A Baptist chapel was completed in 1809.[3]

Economic and social history[edit]

The Ridge House, opposite the parish church, was built in the first half of the 17th century

The parish had a watermill by 1279.[3] It was still recorded in 1618 but seems to have disappeared by 1722.[3] In 1650 Anne Greene, a domestic servant at Duns Tew manor house, was convicted of the infanticide of her stillborn child.[10] She was hanged at Oxford Castle but survived after being presumed dead and was given a free pardon.[10] Most of the parish was farmed under two separate open field systems until 1794, when the common lands were enclosed.[3]

A Sunday School for the parish was founded in 1798 and a day school had been added by 1808.[3] By 1818 the Sunday school had been converted to the National School system.[3] Sir George Dashwood provided and equipped a school building in 1830.[3] The school outgrew its building and in 1874 new premises were completed with capacity for 100 children.[3] In 1928 it was reorganised as a junior school, with senior pupils going to the school at Steeple Aston.[3] The number of pupils declined and in 1969 Duns Tew school was closed.[3] Since 1970 the building has served as Duns Tew village hall.[3] On the 23rd of February 1976 BBC Nationwide ran a feature on the workshop of luthier David Rubio at the Ridgehouse. [11]


Sketch of the parish church from the southeast in 1822, showing the Perpendicular Gothic east window that it had until the church was rebuilt in 1861
Undated engraving of the parish church from the south, possibly 18th century, showing its appearance before its Victorian restoration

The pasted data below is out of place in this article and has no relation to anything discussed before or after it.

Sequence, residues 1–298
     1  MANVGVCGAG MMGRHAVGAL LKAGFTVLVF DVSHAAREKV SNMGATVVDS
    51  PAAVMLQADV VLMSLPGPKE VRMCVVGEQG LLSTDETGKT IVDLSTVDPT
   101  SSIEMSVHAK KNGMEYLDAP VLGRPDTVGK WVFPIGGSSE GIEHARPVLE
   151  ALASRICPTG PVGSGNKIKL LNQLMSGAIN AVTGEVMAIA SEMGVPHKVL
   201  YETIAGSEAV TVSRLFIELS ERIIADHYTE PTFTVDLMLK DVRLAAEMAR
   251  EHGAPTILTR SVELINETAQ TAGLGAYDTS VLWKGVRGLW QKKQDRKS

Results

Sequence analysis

Although there are no shops, Duns Tew has a public house, the White Horse.[12] Duns Tew has a Community Action Group.[13]


  1. ^ "Area: Duns Tew (Parish): Key Figures for 2011 Census: Key Statistics". Neighbourhood Statistics. Office for National Statistics. Retrieved 7 November 2015.
  2. ^ Crossley 1983, pp. 75–81.
  3. ^ a b c d e f g h i j k l m n o p q r s t Crossley 1983, pp. 209–222
  4. ^ a b Sherwood & Pevsner 1974, p. 590.
  5. ^ Sherwood & Pevsner 1974, p. 591.
  6. ^ a b c d e f Davies, Peter (13 December 2006). "Duns Tew S Mary Magd". Dove's Guide for Church Bell Ringers. Central Council for Church Bell Ringers. Retrieved 4 January 2012.
  7. ^ a b c Dovemaster (25 June 2010). "Bell Founders". Dove's Guide for Church Bell Ringers. Central Council for Church Bell Ringers. Retrieved 4 January 2012.
  8. ^ Archbishops' Council. "Benefice of Westcote Barton with Steeple Barton, Duns Tew and Sandford Saint Martin and Over with Nether Worton". A Church Near You. Church of England. Archived from the original on 4 March 2016. Retrieved 7 November 2015.
  9. ^ The Barton Benefice ~ Oxfordshire, UK
  10. ^ a b Alsager.
  11. ^ @BBCArchive (23 February 2021). "#OnThisDay 1976: Nationwide visited a..." (Tweet) – via Twitter.
  12. ^ The White Horse
  13. ^ Community Action Groups: Oxfordshire: Duns Tew Community Action Group Archived 15 January 2010 at the Wayback Machine


External links[edit]